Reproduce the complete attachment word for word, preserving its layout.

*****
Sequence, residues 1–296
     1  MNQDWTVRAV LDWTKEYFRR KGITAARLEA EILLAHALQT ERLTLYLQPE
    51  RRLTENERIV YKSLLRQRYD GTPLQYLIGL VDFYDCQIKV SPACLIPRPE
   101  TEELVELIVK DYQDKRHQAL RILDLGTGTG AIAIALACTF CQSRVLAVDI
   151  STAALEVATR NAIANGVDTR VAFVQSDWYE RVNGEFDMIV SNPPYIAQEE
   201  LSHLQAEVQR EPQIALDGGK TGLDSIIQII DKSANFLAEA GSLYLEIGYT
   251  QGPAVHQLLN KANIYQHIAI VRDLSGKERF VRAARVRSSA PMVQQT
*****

Sequence, residues 1–296
     1  MNQDWTVRAV LDWTKEYFRR KGITAARLEA EILLAHALQT ERLTLYLQPE
    51  RRLTENERIV YKSLLRQRYD GTPLQYLIGL VDFYDCQIKV SPACLIPRPE
   101  TEELVELIVK DYQDKRHQAL RILDLGTGTG AIAIALACTF CQSRVLAVDI
   151  STAALEVATR NAIANGVDTR VAFVQSDWYE RVNGEFDMIV SNPPYIAQEE
   201  LSHLQAEVQR EPQIALDGGK TGLDSIIQII DKSANFLAEA GSLYLEIGYT
   251  QGPAVHQLLN KANIYQHIAI VRDLSGKERF VRAARVRSSA PMVQQT